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Health Officials Lift Advisory for Water Around Pier
 

Bob Kronovetrealty
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By Jorge Casuso

August 17, 2021 -- County officials removed a health advisory for the area around the Santa Monica Pier on Friday, as polluted wastewater discharged from the Hyperion Water Reclamation Plant fell to a two-week low.

The Pier area remained the last beach under a health advisory for high levels of bacteria before health officials on Friday added Mother's Beach in Marina Del Rey and Avalon Beach at Catalina Island.

Despite lifting the warning, officials discourage wading into waters near discharging storm drains, such as the Pico-Kenter storm drain near the pier.

"Public health continues to caution people visiting these beaches to be careful of swimming, surfing, and playing in ocean waters around discharging storm drains, creeks and rivers,' the advisory said.

Health officials have said the high bacteria levels that resulted in the health advisories do not appear to stem from the massive spill on July 11 and 12 at the Hyperion Plant in Playa del Rey.

The flooded plant sent 17 million gallons of raw sewage into Santa Monica Bay and continues spilling partially treated wastewater into the ocean.

Health officials instead have said the high levels of bacteria are “very likely” the result of day-to-day fluctuations.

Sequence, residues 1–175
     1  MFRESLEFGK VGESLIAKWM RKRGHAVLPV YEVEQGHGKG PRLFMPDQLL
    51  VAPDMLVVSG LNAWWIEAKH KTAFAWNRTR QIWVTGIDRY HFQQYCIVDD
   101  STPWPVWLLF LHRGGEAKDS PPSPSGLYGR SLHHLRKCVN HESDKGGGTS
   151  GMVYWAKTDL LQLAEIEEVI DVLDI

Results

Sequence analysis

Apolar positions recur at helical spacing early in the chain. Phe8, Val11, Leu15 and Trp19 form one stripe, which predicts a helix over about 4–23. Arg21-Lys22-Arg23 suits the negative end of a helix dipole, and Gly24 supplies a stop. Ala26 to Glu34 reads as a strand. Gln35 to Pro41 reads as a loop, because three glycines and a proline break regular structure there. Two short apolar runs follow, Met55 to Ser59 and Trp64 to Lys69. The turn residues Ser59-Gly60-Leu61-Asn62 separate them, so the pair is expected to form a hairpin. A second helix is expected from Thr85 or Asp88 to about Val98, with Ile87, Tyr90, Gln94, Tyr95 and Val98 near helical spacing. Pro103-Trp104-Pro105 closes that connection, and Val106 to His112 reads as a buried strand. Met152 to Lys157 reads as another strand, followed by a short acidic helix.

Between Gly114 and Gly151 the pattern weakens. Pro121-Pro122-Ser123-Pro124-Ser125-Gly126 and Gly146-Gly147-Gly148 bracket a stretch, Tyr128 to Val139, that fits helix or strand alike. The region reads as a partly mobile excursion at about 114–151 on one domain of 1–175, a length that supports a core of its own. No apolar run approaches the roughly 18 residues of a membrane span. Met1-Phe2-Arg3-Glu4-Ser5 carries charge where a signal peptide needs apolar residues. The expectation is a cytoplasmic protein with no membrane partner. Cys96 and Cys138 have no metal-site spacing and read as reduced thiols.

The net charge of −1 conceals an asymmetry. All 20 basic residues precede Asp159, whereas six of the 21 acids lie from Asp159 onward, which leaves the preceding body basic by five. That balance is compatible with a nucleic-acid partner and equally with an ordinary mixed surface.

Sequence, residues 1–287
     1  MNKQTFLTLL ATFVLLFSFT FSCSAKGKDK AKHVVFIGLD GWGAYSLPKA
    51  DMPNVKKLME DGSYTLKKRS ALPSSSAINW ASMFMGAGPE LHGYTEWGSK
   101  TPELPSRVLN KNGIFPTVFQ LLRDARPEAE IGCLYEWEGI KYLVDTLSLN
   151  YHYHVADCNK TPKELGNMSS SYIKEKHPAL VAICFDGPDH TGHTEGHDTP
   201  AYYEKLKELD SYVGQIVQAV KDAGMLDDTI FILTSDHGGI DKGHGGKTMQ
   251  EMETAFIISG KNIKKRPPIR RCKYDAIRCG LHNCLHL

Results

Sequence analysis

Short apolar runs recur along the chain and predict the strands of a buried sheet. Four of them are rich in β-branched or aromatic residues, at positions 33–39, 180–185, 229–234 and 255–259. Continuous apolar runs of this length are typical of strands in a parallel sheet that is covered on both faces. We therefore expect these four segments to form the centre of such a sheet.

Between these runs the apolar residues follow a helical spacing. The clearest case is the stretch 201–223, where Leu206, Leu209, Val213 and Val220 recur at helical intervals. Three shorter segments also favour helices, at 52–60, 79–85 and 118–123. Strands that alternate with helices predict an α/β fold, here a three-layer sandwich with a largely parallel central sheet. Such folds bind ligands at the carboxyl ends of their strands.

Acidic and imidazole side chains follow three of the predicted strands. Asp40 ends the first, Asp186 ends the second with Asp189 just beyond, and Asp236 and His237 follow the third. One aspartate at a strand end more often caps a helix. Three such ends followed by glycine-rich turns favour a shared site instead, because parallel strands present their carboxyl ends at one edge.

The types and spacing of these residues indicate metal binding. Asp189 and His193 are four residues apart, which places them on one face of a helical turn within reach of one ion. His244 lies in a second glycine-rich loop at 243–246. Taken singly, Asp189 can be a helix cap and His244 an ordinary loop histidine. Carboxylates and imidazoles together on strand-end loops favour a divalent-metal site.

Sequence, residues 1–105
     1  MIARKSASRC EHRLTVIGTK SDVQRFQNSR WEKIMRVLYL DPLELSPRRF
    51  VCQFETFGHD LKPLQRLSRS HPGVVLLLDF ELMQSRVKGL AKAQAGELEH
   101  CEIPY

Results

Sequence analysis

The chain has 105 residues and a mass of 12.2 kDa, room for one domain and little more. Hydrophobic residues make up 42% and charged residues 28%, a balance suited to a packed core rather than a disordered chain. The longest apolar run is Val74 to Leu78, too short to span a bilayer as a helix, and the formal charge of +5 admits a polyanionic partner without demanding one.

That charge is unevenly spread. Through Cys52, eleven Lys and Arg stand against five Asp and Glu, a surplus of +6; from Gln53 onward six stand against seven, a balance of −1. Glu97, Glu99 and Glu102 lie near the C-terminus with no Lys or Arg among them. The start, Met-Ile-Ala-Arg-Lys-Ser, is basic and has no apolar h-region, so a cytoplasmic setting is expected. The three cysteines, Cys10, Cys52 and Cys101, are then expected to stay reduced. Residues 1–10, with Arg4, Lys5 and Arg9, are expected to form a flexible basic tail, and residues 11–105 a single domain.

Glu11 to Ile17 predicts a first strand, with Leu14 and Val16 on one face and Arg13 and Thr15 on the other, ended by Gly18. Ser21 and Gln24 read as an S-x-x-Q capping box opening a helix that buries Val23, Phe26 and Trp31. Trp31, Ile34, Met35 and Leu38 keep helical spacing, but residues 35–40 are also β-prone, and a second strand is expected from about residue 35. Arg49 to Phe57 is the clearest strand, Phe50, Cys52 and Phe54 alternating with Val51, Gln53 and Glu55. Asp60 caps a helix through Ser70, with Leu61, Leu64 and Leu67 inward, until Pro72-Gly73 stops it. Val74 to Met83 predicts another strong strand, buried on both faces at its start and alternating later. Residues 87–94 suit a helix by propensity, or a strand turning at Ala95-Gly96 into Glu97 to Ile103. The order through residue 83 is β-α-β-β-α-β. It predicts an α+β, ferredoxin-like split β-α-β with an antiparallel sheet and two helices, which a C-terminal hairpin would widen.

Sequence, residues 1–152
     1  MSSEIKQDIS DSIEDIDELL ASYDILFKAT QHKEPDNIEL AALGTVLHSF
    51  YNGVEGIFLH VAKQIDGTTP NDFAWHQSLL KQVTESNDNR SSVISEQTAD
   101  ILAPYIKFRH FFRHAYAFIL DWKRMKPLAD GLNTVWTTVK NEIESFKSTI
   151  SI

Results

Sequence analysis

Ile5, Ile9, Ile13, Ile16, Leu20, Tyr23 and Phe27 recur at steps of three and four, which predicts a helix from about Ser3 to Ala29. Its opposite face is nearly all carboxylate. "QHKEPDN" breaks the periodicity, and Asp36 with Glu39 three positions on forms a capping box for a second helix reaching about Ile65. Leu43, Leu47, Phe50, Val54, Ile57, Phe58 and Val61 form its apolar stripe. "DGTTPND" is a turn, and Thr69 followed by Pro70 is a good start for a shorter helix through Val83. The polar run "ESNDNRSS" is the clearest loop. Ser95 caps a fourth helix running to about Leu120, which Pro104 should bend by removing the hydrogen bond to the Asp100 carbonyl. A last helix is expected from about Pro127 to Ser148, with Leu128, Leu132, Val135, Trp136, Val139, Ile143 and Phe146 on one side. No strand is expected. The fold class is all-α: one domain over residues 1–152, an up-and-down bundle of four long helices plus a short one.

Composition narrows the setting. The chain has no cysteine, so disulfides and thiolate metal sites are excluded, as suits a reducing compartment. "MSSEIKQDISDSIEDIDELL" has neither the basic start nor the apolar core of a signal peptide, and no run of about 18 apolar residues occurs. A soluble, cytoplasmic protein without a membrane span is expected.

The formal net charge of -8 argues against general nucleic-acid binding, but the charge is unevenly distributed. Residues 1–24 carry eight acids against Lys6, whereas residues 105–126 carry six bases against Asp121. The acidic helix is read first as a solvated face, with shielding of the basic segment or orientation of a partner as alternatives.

The water around the Pier received a a D grade from Heal the Bay during dry summer weather, which covers the period from April to October 2020, barely avoiding the infamous Beach Bummers list.

The advisory for the pier area was lifted the day data from the City of Los Angeles, which operate the plant, show the amount of polluted discharge dropped to a two-week low, before rising again over the weekend.

The plant is expected to continue to release partially treated wastewater into Santa Monica Bay until normal operations are restored, City of LA sanitation officials said.

Since last month's accident reduced the plant's processing capacity, sludge from sewage accumulated at the bottom of the treatment tanks has accumulated, Hyperion plant manager Timeyin Dafeta told the Press Telegram on Friday.

“There’s clean water coming in, but at the bottom there’s still this sludge that can’t go anywhere for three weeks,” Daffeta said.

“As the amount of material increased, the quality of the outgoing water deteriorated.”

As of Friday, between 65 and 70 percent of the plant's sludge pumps were back in operation, Daffeta said.

According to the Press Telegram, "Although water quality has improved, the impact of the first emergency discharge and the release of partially treated wastewater into the sea for about a month is still unknown."

According to LA Sanitation officials, "Additional research is needed to determine if there are long-term effects on aquatic life and habitat in Santa Monica Bay," the news outlet reported.


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